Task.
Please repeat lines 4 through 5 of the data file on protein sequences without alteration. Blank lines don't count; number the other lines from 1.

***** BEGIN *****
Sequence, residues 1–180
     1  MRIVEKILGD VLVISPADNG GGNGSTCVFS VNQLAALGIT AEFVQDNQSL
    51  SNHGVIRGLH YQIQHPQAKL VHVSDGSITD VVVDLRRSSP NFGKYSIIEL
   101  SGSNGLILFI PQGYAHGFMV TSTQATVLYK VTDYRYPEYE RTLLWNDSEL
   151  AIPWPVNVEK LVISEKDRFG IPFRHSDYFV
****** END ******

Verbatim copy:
   101  SGSNGLILFI PQGYAHGFMV TSTQATVLYK VTDYRYPEYE RTLLWNDSEL
   151  AIPWPVNVEK LVISEKDRFG IPFRHSDYFV